SALEM, Ore. - Fire season has now ended on all 16 million acres of Oregon forestland protected by the Oregon Department of Forestry, as announced on Saturday, October 23.
The last three districts - Klamath-Lake, Northeast Oregon and the Walker Range Forest Patrol Association - ended their fire seasons Friday morning, Oct. 22 at 12:01 a.m.
The 2021 wildfire seasons in ODF's districts and forest protective associations lasted an average of 131 days, tying it with 2018 for fifth longest average fire season since 2000.
The longest fire season average was 147 days back in 2002. The shortest was 99 days in 2019.
Individual districts had shorter or longer fire seasons depending on local fire conditions.
The longest wildfire season this year was ODF's Southwest Oregon District, which was the first district to declare fire season back on May 12. That district, which protects Jackson and Josephine counties, was in fire season for 161 days - their third longest since 2000.
Almost as long were the fire seasons in ODF's Klamath-Lake District and Walker Range Forest Patrol Association. Their fire seasons started on May 15 and lasted a total of 160 days. That makes 2021 the third longest fire season for both since 2000.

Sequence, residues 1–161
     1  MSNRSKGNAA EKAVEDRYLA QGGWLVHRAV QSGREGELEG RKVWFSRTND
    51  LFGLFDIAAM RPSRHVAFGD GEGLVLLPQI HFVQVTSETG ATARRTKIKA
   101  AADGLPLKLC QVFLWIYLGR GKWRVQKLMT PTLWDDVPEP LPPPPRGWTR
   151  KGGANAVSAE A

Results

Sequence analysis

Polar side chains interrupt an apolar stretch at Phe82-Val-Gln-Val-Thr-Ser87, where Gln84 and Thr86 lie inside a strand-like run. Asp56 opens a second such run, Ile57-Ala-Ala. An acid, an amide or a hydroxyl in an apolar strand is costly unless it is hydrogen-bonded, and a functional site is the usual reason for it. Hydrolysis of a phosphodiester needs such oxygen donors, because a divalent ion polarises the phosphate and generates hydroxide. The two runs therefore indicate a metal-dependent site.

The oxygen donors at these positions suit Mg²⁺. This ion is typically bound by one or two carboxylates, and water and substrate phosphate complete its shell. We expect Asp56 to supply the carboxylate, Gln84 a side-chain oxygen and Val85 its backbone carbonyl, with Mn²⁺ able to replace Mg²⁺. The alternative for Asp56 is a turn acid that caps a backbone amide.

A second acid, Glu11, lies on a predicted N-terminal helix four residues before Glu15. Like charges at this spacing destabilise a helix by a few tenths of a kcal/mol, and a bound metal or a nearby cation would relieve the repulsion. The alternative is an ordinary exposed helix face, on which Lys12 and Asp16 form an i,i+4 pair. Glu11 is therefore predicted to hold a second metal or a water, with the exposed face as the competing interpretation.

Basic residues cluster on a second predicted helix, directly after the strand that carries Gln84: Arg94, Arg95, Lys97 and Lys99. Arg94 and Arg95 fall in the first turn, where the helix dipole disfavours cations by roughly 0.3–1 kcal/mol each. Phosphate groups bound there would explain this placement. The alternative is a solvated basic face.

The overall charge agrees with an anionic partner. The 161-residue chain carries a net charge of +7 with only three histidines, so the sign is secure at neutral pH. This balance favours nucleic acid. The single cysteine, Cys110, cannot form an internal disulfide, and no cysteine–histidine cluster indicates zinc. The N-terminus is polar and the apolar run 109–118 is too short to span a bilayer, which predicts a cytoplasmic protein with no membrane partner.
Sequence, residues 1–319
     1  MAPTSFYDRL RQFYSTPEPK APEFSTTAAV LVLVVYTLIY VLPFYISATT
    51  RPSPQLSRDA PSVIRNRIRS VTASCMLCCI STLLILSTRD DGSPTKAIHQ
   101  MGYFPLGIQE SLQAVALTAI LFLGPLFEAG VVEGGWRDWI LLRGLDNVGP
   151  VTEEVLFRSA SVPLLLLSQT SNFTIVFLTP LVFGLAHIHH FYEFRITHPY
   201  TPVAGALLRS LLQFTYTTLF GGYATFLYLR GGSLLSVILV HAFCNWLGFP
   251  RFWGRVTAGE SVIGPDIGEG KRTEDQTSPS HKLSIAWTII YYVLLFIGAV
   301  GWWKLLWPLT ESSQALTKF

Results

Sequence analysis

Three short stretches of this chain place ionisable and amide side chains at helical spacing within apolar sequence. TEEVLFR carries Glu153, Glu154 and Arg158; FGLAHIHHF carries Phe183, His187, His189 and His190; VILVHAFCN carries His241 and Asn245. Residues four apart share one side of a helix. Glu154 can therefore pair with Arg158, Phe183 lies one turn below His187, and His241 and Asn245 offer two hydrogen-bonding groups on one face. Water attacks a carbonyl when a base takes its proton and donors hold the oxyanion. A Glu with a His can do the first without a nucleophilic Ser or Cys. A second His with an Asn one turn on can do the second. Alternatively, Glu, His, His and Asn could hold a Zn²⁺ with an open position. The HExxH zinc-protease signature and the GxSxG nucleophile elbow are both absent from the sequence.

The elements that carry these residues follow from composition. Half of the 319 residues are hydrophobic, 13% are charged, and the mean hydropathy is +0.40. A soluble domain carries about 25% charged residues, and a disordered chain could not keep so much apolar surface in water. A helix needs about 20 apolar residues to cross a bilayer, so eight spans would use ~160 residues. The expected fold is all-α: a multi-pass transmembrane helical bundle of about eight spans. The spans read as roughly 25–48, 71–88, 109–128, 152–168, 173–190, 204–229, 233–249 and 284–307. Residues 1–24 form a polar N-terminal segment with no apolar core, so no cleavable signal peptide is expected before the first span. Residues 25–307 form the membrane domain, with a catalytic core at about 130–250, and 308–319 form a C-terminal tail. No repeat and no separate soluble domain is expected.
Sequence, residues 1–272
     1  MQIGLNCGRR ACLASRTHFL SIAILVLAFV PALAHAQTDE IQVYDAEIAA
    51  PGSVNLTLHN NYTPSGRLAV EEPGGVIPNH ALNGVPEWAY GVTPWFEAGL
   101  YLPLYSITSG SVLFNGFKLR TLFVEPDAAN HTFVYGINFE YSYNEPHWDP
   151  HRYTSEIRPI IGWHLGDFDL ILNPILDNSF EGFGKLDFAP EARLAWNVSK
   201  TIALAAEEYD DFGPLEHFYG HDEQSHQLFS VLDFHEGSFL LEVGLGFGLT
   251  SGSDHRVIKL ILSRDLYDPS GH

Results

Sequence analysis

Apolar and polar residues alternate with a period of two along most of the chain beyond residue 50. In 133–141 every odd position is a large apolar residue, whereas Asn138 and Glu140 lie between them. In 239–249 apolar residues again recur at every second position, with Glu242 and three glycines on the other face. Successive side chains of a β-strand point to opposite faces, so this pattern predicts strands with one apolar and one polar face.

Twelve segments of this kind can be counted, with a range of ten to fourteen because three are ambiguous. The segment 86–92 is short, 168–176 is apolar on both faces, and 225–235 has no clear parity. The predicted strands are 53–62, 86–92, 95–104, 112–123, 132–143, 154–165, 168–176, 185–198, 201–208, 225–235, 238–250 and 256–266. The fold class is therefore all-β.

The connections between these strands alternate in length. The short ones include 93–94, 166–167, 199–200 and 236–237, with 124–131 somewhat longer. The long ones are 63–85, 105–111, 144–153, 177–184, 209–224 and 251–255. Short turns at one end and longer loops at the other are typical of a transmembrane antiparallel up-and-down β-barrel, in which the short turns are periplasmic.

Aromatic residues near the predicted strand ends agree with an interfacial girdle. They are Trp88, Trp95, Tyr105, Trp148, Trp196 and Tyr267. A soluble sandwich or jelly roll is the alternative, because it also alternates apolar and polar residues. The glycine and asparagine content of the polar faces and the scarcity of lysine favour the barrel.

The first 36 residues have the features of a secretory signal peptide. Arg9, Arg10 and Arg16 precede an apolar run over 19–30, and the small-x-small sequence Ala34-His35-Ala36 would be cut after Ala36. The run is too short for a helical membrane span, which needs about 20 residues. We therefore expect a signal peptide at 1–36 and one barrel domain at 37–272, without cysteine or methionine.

The shortest fire season this year was the North Cascade District, which protects Clackamas, east Multnomah, eastern Marion and northern Linn counties. It's season lasted 98 days from June 25 to Oct. 1, about 12 days shorter than last year.
Statewide, more than 800,000 acres burned in wildfires this year - fewer than in 2020 but above the 10-year average. A single fire, the 413,717-acre Bootleg Fire, accounted for about half the acres wildfires have burned so far this year. That fire was the third largest Oregon has experienced since 1900.
While wetter conditions, cooler temperatures and shorter days have reduced fire danger, ODF reminds Oregonians that wildfires can and do occur at any time of the year. Exercise caution when engaging in any activity involving burning outdoors, whether from a campfire or burning a debris pile. Check with your local fire jurisdiction as well before burning outdoors, as there may be restrictions in various places to protect air quality.